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Nymphs of the Night: Vienna’s Grabennymphe

“Lorenzo Da Ponte. Aufbruch in die Neue Welt” im Jüdischen Museum

A few days ago we gave you a brief overview of prostitution in Vienna, and some of the many euphemisms that have sprung up around a profession that has often been seen as taboo. But one of the most indelible re-brandings is surely the Grabennymph – the nymphs of the Graben, otherwise known as women of night who could regularly be found promenading along the Graben in the hopes of making some money. Although there was a crackdown under Maria Theresia, many women openly flouted the chastity laws she introduced, and could be found out in the usual locations along the Graben even under her reign.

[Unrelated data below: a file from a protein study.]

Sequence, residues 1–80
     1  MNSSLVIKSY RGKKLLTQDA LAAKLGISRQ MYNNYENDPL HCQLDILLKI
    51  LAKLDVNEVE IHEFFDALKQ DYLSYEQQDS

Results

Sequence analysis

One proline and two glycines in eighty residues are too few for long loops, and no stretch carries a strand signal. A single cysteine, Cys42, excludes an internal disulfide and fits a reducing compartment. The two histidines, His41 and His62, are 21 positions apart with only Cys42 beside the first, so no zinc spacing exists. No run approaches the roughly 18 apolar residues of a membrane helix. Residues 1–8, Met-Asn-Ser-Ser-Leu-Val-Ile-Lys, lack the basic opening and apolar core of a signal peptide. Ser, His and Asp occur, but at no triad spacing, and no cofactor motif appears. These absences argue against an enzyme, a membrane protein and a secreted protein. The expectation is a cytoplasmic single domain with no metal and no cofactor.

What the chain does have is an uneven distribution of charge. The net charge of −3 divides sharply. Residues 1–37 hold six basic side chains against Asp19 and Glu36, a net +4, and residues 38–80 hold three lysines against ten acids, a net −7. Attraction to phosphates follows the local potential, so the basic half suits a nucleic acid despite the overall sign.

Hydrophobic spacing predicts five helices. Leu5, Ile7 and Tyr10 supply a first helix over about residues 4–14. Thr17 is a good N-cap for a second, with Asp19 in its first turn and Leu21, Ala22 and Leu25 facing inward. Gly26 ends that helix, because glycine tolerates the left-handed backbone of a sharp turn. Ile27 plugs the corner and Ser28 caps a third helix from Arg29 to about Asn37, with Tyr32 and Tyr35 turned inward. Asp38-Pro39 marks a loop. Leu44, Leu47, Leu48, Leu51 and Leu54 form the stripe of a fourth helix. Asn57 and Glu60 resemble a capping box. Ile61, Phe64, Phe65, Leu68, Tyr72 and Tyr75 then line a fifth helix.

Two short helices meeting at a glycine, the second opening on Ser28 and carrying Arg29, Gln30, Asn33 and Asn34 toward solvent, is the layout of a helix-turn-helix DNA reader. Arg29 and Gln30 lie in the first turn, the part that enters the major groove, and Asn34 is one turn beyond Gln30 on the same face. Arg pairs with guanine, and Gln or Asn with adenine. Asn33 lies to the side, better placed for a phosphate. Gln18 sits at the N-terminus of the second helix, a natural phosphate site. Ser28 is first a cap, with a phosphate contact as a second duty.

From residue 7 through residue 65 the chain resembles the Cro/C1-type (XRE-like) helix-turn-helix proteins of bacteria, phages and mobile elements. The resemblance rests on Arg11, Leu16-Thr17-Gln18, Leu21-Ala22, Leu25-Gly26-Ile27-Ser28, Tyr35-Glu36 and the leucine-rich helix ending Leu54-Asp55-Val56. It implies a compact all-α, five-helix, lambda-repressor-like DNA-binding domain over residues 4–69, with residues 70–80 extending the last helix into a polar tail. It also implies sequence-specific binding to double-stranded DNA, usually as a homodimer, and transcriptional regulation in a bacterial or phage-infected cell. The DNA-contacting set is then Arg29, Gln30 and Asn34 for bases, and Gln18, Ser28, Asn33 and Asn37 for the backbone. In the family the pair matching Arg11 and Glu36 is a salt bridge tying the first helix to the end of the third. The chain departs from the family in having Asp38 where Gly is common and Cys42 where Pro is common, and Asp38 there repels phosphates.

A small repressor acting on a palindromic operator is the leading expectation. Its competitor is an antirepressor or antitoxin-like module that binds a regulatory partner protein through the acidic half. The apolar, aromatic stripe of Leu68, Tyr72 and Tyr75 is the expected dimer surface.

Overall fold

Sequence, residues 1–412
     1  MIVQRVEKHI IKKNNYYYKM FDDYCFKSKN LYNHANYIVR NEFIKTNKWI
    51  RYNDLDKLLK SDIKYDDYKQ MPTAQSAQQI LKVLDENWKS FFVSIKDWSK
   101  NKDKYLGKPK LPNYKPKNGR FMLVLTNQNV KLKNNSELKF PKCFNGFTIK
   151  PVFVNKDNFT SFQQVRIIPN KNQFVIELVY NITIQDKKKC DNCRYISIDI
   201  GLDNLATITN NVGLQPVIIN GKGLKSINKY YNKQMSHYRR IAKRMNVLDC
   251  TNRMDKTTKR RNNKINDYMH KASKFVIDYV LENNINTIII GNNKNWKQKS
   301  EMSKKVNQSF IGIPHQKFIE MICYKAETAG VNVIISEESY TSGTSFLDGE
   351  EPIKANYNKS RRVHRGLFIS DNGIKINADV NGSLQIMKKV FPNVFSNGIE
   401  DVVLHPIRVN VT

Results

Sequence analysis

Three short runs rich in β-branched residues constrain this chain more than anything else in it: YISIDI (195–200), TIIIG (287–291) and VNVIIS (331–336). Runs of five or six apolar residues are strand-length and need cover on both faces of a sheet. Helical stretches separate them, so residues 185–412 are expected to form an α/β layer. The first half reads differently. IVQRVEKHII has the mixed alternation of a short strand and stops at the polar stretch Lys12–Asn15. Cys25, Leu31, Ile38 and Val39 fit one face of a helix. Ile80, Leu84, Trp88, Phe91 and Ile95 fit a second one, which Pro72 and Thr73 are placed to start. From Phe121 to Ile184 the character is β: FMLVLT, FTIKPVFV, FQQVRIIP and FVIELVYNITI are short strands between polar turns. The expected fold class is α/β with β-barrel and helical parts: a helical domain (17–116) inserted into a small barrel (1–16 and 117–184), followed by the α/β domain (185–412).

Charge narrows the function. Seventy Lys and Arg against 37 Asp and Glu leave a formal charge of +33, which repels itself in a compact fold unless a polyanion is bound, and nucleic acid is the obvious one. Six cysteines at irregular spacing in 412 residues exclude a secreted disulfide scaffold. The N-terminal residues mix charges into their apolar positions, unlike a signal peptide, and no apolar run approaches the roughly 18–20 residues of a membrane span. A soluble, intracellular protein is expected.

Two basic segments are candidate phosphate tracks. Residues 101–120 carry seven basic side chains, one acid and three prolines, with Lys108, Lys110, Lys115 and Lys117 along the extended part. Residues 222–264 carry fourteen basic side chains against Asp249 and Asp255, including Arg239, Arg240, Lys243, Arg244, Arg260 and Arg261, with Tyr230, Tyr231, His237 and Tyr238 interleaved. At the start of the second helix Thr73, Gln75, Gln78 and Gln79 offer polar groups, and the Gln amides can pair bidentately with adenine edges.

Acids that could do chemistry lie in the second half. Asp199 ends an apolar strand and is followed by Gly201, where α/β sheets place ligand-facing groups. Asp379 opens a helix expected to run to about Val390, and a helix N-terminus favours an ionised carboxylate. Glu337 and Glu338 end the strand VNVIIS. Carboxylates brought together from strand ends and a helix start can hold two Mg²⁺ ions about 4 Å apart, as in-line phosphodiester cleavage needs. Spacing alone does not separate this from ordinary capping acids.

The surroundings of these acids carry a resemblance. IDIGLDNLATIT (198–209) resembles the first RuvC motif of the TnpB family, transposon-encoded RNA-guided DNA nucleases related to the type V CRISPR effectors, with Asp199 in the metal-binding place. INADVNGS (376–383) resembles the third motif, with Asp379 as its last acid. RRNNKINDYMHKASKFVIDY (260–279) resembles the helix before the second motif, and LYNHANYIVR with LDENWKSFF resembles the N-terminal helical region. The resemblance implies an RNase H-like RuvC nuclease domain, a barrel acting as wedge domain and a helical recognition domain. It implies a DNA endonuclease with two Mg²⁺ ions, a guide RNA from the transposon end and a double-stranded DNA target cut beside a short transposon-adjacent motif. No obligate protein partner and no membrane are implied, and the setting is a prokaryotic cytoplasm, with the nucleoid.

One of the most famous depictions of this comes from Hieronymous Löschenkohl, a German artist who settled in Vienna, and lived for some 30 years in the Kohlmarkt, a street directly adjacent to the Graben. He surely would have been well-acquainted with the social scene on the Graben, and in 1784 produced a drawing entitled “ Abends am Graben oder Der Schnepfen-Strich” (Evenings on the Graben, or the bird line) depicting the suggestive goings-on of the Graben. At first glance it may look like an ordinary street scene, but the flushed faces tell another story! (C.G.)

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